The only caution flag here is that a goal and a good goal are two different things. A perfect goal is one that is attainable but it’s not a given. If you give a little extra, perform a little better, you can hit that goal. If hitting a goal is a cakewalk, it’s not motivating. The other side of the coin, which is too common, is having goals that are unrealistic. Goals are motivating. Unrealistic goals are demotivating. A good way to balance these two issues is to set a goal and a super goal. The super goal still needs to be attainable but should be even more of a stretch than the base goal.
3. Have a Routine and Be Consistent for Maximum Teleservices Success
This is important in almost any industry, but I feel even more so in the call center services industry due to the day to day volatility that has already been covered. Every team needs to be comprised of members that everyone can count on. Being a manager that everyone can count on is invaluable. Being someone that is always there and is present.
It’s not enough to be a superstar half of the time if you can’t be counted on the other half of the time. Consistency is important and the best way to achieve that is to have a routine. Everyone on our Leadership Team has a word for the upcoming year. One person chose the word “routine”. Routine’s equal process, and processes create efficiency. It’s easy to let a lot of noise disrupt the routine but keeping your eye on the ball and avoiding distractions almost always creates mounds of positivity.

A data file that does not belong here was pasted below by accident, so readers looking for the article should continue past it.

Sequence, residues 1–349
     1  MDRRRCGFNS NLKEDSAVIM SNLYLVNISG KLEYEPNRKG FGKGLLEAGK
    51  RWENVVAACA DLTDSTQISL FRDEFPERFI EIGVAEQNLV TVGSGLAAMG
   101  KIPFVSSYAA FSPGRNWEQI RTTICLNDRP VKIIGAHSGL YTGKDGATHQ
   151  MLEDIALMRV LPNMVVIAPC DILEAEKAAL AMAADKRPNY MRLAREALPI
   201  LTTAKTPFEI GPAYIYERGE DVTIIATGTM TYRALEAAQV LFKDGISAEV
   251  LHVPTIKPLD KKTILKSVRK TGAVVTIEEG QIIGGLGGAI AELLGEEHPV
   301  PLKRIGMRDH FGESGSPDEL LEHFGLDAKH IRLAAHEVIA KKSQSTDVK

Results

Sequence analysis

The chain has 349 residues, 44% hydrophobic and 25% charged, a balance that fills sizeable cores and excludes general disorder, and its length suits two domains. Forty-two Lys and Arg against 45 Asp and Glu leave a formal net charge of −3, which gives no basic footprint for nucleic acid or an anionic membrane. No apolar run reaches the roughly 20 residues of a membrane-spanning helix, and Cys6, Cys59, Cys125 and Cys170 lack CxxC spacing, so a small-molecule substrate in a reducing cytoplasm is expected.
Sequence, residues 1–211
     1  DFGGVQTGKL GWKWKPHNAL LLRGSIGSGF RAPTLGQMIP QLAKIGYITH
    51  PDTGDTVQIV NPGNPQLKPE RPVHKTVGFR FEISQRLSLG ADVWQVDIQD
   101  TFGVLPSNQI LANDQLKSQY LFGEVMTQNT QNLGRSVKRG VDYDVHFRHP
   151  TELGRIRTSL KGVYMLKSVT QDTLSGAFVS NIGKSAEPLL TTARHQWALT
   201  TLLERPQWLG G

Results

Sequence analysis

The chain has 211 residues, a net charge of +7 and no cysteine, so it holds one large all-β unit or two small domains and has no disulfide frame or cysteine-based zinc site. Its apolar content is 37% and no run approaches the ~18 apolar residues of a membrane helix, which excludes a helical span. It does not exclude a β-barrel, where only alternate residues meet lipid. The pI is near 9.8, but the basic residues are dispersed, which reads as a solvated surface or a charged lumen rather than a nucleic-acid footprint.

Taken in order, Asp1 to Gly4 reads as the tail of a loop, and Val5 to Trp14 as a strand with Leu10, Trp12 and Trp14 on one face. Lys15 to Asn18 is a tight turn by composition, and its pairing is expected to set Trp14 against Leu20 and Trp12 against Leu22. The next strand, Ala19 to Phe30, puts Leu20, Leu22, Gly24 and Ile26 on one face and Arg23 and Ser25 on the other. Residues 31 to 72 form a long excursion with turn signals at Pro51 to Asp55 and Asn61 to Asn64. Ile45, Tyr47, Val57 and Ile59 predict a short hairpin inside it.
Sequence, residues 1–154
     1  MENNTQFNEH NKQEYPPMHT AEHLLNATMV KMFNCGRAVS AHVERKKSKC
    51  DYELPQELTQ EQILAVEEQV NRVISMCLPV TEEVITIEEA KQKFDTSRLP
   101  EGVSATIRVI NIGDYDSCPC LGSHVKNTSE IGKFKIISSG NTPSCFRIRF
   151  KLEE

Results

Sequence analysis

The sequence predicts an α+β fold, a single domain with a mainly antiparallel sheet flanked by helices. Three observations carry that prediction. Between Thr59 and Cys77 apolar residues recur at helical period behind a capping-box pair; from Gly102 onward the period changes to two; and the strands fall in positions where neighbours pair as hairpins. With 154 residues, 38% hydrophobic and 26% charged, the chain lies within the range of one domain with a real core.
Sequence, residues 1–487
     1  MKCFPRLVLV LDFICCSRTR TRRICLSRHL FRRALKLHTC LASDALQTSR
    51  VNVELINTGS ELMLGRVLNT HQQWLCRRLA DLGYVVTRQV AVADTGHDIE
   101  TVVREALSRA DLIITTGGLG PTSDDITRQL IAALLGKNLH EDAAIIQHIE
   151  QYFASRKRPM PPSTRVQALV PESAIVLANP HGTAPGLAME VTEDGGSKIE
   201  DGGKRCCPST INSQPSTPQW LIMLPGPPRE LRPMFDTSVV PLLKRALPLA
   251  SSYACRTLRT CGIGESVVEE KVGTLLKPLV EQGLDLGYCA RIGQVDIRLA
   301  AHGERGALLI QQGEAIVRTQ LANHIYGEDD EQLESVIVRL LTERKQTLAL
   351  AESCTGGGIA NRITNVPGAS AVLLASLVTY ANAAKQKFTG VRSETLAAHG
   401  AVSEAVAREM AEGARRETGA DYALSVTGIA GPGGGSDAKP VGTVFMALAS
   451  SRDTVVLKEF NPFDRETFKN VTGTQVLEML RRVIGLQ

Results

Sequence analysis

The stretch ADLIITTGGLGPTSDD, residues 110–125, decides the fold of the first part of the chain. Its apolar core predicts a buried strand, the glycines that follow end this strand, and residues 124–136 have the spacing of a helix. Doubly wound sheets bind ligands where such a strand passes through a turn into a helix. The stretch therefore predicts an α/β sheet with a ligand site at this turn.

This really isn’t some abstract concept that needs to be unpacked bit by bit. Have a routine. Be consistent. Be present and in the moment. Be someone that can be counted on.
4. Attack Each Day with a Sense of Intelligent Urgency
This is a motto of my team. We operate in a very fast-paced environment. I have seen a lot of very smart people not make it in this industry because of the breakneck pace in which things move. I used to have a coach that would always be yelling at the team to have a sense of urgency. It always stuck with me and I adopted it as my own.
The thing with urgency sometimes though is that you can have too much of it. It can be a bad thing if unchecked. A common example is starting a new campaign and if not immediately getting the desired results, changing everything. The script, the offers, the agents, and so on. Urgency unchecked can create chaos and do more harm than good. You must allow something to succeed or fail, so patience is important too. Then change one thing at a time and measure it. This is also common when a manager is dealing with certain clients. When a client is requesting something or wanting a change, it is easy to act so urgently that we don’t take the time to use our expertise to analyze whether the request is something that is really going to serve the client in the way that they want.
Utilizing Intelligent Urgency is much like walking a tightrope. On the one hand blind urgency is essentially jumping without looking. You can’t make decisions that way. On the other hand, you can have paralysis by analysis which can stagnate action and create complacency. That is dangerous as well. It’s not always an easy tightrope to walk but knowing that the rope is there is a good start.
5. Inspect What You Expect from Your Call Center Team
This should be a credo for any manager and definitely call center managers. If you have hired the right people, then trust and delegation should not be an issue. However, even if that is the case, you can’t live by a set it and forget it mentality. Can you imagine training a call center campaign and never listening to any calls? That would be crazy right? That is certainly a prevalent example that I use for a reason, but it applies in many other aspects as well.